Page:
An ode to Ghost of Tsushima’s katana

Ghost of Tsushima is a game with many facets: a gorgeous open-world adventure, a Kurosawa-inspired samurai tale, and so many side quests where you hear people talk to you while you walk toward an objective. But while Ghost of Tsushima has its pros and cons, it does nail one thing: samurai warrior Jin Sakai’s katana. It’s the best video game sword in recent memory.

From the moment you start Ghost of Tsushima, the game impresses on you that Jin is an elite warrior, one who has been studying for years to hone his skill at wielding his family blade (officially called “the Sakai Storm”). And that’s clear from the moment you draw your sword. Jin’s blade is whip-fast, cutting through foes effortlessly and parrying blows with ease. He’s so fast, in fact, that Sucker Punch co-founder Chris Zimmerman explains that it actually caused an imbalance in the game’s combat early on, since Ghost’s enemies couldn’t keep up with the player’s speed.

At first glance, the swordplay system is a fairly standard hack-and-slash setup: Jin has light and heavy attacks (bound to the square and triangle buttons, respectively), and he can block attacks — which turn into parries when timed correctly with L1. A dodge button for special “unblockable” attacks rounds out the system.

There’s also a “standoff” system. When approaching an enemy encounter, players can initiate a samurai-film-style showdown, which has players stare down their opponents and unleash a perfectly timed blow to fell them in one strike, which offers a more cinematic flavor to combat.

Unlike other modern RPGs — like more recent Assassin’s Creed titles, which give players a wide array of different weapons to use — the story elements of Ghost mean that Jin uses the same family katana from start to finish with only damage upgrades to help scale the combat along the way.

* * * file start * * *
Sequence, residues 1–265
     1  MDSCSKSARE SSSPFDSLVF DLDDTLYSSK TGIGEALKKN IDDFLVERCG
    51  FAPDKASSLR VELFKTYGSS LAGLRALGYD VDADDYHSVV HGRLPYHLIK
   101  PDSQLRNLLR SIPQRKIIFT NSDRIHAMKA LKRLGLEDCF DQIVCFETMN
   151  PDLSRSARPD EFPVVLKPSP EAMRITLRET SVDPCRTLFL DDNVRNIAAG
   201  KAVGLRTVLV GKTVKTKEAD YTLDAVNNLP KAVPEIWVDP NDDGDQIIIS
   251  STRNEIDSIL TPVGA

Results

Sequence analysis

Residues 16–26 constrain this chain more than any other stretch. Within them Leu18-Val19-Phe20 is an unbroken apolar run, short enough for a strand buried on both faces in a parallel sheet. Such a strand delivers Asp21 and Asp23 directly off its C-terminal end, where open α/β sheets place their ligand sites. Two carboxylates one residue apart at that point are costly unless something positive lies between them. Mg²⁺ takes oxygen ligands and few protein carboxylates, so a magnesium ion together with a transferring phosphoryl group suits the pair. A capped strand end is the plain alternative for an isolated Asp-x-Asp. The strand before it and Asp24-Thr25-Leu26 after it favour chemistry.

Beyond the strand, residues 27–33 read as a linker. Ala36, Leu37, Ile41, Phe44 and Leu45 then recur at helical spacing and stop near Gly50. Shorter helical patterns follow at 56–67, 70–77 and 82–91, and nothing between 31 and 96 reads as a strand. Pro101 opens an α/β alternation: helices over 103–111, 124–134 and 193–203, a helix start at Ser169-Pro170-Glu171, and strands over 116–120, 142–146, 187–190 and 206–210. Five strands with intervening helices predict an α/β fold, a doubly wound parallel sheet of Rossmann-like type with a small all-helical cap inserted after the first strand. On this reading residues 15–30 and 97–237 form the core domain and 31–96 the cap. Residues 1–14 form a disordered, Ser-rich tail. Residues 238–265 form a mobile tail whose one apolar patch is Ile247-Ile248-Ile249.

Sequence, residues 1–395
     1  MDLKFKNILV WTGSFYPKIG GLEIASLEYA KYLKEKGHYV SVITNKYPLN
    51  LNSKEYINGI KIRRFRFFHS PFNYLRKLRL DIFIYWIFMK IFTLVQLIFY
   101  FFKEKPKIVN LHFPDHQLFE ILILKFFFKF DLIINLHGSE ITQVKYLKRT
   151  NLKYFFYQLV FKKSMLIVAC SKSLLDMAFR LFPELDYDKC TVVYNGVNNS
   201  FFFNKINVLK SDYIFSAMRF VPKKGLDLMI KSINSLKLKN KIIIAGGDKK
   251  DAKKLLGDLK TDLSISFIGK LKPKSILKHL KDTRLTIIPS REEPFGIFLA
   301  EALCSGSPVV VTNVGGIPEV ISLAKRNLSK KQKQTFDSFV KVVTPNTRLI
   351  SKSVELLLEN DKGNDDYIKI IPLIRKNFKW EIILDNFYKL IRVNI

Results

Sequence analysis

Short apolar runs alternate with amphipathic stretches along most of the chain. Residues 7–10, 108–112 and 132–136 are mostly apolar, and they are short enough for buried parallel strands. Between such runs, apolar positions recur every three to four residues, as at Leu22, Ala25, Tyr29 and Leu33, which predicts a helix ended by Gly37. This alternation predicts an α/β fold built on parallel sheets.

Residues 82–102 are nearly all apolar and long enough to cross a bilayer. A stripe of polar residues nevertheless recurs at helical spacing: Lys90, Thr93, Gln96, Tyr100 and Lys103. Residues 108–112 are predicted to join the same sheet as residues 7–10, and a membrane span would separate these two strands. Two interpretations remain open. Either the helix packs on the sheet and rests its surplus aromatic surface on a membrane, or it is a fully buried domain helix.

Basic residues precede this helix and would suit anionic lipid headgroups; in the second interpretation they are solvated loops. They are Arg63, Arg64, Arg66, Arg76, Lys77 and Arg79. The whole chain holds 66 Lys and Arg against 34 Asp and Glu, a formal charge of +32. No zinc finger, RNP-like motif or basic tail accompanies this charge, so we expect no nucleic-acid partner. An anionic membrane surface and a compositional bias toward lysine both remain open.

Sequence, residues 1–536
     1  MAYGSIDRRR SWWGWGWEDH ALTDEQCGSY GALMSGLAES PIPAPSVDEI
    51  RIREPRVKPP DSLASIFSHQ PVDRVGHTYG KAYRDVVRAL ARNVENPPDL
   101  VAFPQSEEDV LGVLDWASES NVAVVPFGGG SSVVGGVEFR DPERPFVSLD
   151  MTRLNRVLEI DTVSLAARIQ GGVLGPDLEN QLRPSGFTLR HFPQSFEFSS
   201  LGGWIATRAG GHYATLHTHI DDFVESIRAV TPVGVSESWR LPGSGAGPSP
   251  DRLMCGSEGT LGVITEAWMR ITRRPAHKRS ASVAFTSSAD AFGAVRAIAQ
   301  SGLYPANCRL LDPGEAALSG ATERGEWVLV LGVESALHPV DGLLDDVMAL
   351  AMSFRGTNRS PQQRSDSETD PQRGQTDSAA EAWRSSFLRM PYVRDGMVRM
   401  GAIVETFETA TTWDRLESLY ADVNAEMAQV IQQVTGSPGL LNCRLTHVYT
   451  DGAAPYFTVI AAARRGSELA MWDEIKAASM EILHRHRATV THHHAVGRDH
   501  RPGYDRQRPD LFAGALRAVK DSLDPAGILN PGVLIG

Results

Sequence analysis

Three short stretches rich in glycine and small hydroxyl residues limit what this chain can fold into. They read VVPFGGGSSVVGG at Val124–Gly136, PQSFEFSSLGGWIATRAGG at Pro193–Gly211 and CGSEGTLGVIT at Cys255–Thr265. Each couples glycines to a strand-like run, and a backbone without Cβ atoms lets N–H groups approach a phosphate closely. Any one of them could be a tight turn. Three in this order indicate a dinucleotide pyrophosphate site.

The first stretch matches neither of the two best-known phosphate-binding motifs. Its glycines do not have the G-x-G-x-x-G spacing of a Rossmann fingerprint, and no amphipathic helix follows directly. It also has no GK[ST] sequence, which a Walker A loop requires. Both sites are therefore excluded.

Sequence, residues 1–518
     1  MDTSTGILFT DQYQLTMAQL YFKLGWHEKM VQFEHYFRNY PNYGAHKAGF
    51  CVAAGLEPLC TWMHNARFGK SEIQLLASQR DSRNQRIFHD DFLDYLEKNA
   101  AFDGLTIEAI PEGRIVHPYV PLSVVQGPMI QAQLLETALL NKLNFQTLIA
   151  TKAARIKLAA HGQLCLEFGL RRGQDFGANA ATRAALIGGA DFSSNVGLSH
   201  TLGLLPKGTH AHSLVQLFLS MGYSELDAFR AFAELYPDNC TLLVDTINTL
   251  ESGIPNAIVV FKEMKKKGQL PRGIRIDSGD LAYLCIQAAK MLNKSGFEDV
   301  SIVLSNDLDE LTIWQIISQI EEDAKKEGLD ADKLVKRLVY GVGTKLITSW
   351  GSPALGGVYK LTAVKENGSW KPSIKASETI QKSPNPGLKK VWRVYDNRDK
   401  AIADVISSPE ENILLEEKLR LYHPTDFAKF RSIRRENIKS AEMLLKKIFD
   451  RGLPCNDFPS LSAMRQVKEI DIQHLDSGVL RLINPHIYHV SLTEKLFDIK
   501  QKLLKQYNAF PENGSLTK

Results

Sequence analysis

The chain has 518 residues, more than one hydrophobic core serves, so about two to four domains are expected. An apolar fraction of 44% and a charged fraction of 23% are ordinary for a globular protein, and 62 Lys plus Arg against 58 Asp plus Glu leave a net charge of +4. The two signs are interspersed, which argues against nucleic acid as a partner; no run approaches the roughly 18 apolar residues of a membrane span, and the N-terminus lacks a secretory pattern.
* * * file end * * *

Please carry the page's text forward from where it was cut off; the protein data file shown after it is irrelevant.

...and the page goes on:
But Ghost of Tsushima adds unexpected depth to the setup with its stance system, which has players switch between different styles of combat suited to different enemies. Players start the game only knowing “Stone stance,” a stabbing style designed for swords (which makes sense, given that Jin, a samurai, has largely only trained to fight other sword wielders). As the game progresses, though, Jin learns new stances by fighting Mongol leaders. There’s Water stance, a flowing style that focuses on quick slashes to overwhelm shield-bearing foes; Wind stance, which adds new parry options and a distance-creating kick to avoid spears; and Moon stance, which emphasizes powerful blows for the bigger brute opponents.

The stances can be seamlessly switched between in combat, and they shine in smaller group fights. Jin can start by staggering a shieldman with a quick flurry of Water stance attacks, pivot behind to parry a swordman with a quick stab, before ending the combo by dispatching both foes in quick succession. Each style looks visually distinct, too, turning battles into an almost balletic dance as you switch back and forth between stances.

The benefits of each stance really come through in Ghost’s one-on-one duels, though, which take away all of your other tools and leave you with just your sword. Where the group fights generally let you get away with button mashing, you really need to learn each stance’s nuances and techniques to succeed. You’ll need different tactics to defeat a Mongol general (with a sword and shield) than you will when you face down a disgraced ronin wielding his own katana.

And while Ghost doesn’t let you change your sword itself, there are plenty of cosmetic upgrades available to change up the style of your weapon, in addition to gameplay upgrades. Each stance has its own skill tree to increase damage and improve combos, and there are a variety of special skills that can be unlocked through optional quests, too. A late-game upgrade even lets you set the katana on fire, and it’s easy to forget your gripes about boring side quests when you’re unleashing a samurai with a sword of blazing flame upon your foes.

The game tries to walk a tightrope throughout gameplay, constantly putting players in the conflicted shoes of Jin Sakai, a samurai warrior who must decide whether he’d like to use more dishonorable tactics like smoke bombs and stealthy assassinations. My Jin Sakai, though, doesn’t need to stoop to such levels. He is a proud samurai, and he strolls boldly into each Mongol base or bandit hideout, katana in hand, as he calls out a challenge to fight.

When the sword fighting is this good, what else do you need?

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